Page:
bulletAncient scriptures state that “Suryaketu” nerve on cow’s back absorbs harmful radiations and cleanses the atmosphere. The mere presence of cows is a great contribution to the environment.
bulletIndia has approximately 30 crore cattle. Using their dung to produce bio-gas, we can save 6.0 crore ton of firewood every year. This would arrest deforestation to that extent.
bulletCowdung has an important role in preserving the environment.
bulletWhen we burn cowdung, it balances atmospheric temperature and kills germs in the air.
bulletCowdung has antiseptic, anti-radioactive and anti-thermal properties. When we coat the walls and clean the floors of a house with cowdung, it protects the dwellers. In 1984, a gas leak in Bhopal killed more than 20,000 people. Those living in houses with cowdung- coated walls were not affected. Atomic power centres in India and Russia even today use cowdung to shield personnel from radiation.
bulletAfrican deserts were made fertile using cowdung.
bulletWe can reduce the acid content in water by treating it with cowdung.
bulletWhen we offer ghee in fire as part of ritualistic sacrifices, it strengthens the ozone layer and shields the earth from harmful radiations from Sun.
bulletSerious researchers have sought to establish an irrefutable link between the frequency of earthquakes and a concentration of large and increasing number of slaughterhouses.
bulletThe Joys of Cow-Based Farming

Indian agriculture has variety. There is no farm-product that we do not cultivate. Our land grows all kinds of grains, pulses, vegetables, fruits, flowers, cotton and silk. About 70% of our population has embraced agriculture as profession. Majority of them are small farmers, owning one or two acres of land. Our agricultural landscape is diverse and vivid – in land topology, soil type and quality, irrigation method and frequency of harvesting. Cattle are integral part of this huge canvas of agriculture. We use oxen to plough, to pick and move harvested crops, in irrigation, cow manure as fertiliser, and cow urine as insecticide.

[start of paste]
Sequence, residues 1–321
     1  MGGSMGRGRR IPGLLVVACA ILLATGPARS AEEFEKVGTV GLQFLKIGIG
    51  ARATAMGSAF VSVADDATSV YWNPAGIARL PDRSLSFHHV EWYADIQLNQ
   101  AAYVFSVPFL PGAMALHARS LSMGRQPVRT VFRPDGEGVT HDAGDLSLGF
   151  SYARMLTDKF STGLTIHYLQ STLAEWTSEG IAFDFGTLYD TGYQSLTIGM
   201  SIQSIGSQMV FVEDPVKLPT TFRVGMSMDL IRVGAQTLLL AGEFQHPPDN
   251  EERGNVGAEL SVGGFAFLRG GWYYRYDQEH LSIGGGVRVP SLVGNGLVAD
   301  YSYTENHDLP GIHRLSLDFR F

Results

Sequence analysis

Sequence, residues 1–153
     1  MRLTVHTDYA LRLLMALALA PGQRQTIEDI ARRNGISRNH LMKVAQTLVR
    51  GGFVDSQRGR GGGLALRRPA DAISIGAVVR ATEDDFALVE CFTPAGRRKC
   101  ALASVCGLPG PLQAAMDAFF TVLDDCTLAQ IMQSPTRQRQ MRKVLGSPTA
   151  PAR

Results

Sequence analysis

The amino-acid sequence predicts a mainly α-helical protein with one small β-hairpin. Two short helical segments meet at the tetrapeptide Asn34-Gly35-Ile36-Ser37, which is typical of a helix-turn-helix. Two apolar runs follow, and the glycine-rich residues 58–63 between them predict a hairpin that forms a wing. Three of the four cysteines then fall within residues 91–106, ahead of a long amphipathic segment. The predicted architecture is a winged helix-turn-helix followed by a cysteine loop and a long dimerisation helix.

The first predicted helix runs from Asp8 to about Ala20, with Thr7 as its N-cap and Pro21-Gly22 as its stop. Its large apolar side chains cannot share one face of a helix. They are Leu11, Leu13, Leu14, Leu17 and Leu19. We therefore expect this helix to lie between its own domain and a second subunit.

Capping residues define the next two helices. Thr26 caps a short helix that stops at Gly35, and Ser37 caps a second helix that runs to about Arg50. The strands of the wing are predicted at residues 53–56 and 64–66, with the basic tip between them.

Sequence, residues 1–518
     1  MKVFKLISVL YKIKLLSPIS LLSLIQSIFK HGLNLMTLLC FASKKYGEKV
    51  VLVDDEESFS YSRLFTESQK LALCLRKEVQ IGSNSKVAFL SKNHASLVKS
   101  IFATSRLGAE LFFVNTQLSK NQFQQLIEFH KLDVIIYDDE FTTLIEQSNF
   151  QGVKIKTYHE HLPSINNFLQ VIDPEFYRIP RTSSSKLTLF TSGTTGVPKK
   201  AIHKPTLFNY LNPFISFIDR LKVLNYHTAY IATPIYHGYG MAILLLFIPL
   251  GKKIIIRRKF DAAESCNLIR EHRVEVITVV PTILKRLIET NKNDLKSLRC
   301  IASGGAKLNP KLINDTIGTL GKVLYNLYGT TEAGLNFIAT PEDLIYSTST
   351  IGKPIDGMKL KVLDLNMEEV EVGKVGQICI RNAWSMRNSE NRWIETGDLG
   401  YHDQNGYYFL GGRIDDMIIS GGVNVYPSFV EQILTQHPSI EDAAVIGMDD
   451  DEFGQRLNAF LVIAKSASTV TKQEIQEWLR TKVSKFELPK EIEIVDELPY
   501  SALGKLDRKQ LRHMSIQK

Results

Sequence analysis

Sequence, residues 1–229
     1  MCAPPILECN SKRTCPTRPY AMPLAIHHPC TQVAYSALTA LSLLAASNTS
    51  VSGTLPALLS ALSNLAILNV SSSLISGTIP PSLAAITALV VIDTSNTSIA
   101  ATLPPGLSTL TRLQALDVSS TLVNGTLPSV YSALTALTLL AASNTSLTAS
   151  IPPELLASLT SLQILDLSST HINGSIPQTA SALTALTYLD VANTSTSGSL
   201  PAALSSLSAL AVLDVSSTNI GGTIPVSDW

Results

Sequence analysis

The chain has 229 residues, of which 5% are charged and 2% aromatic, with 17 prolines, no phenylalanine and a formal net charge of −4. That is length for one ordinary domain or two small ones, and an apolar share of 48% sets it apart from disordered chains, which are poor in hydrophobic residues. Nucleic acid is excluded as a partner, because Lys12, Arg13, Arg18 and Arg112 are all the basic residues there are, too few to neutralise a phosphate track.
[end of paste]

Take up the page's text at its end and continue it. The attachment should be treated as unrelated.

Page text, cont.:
Unique Role of the Cow in Agriculture:

bulletIn our country with small holdings and small-scale farming, there is no better alternative to employing cattle in farming.
bulletWhile ploughing, the oxen stride with gentle gait, not harming the surface of the earth, unlike tractors.
bulletEven as they plough the land, the oxen defecate and urinate, fertilising the land.
bulletCattle Manure: organic manure, green leaf manure, earth-worms, and slurry manure with cattle manure bond with the nature and make the land fertile. They do not create the challenge of chemical waste.
bullet99% of the insects in nature are beneficial to the system. Insecticides prepared from cow urine or well fermented butter milk does not affect these helpful insects.
bulletDung from one cow is adequate to fertilise 5 acres of land and its urine is can protect 10 acres of crop from insects.
bulletAs per the Supreme Court, cow dung produced by one ox can support a family for 4 years.
bulletOxen do not pollute the atmosphere.


Cattle in Transportation

India has more than 600,000 villages, many which do not have asphalted motorable roads. In hilly regions where even a horse cannot tread, oxen can pull their carts with ease.

bulletBoasting the largest railway network in the world, the Indian Railways transported 55.7 core tonnes of goods in 2004-05.
bulletIn the same year, the humble ox carts transported 278.5 crore tonnes!
bulletIn that year, trains moved 511.2 crore passengers while ox carts had 2044.8 crore customers!
bulletOxen have carried up to 14 tonnes of goods non-stop for 24 hours, without water and food.
bulletMost importantly, the carts do not produce air or noise pollution. How important is it, then, that these hardworking and patient oxen ought to be given adequate food, water and rest for all of their invaluable contribution!
bulletFood from the cow is consumed from the start to the end of a meal.

A mother nursing her infant depends on cow’s milk for her own nourishment. A mother feeds her child for a year or two; thus the cow is a lifelong refuge for us all. The cow feeds its own calf and spares plenty for us, too.

Uses of cow products:

bulletDifferent popular beverages like coffee, tea, etc. require milk as an important ingredient.
bulletScores of sweet dishes are milk-based.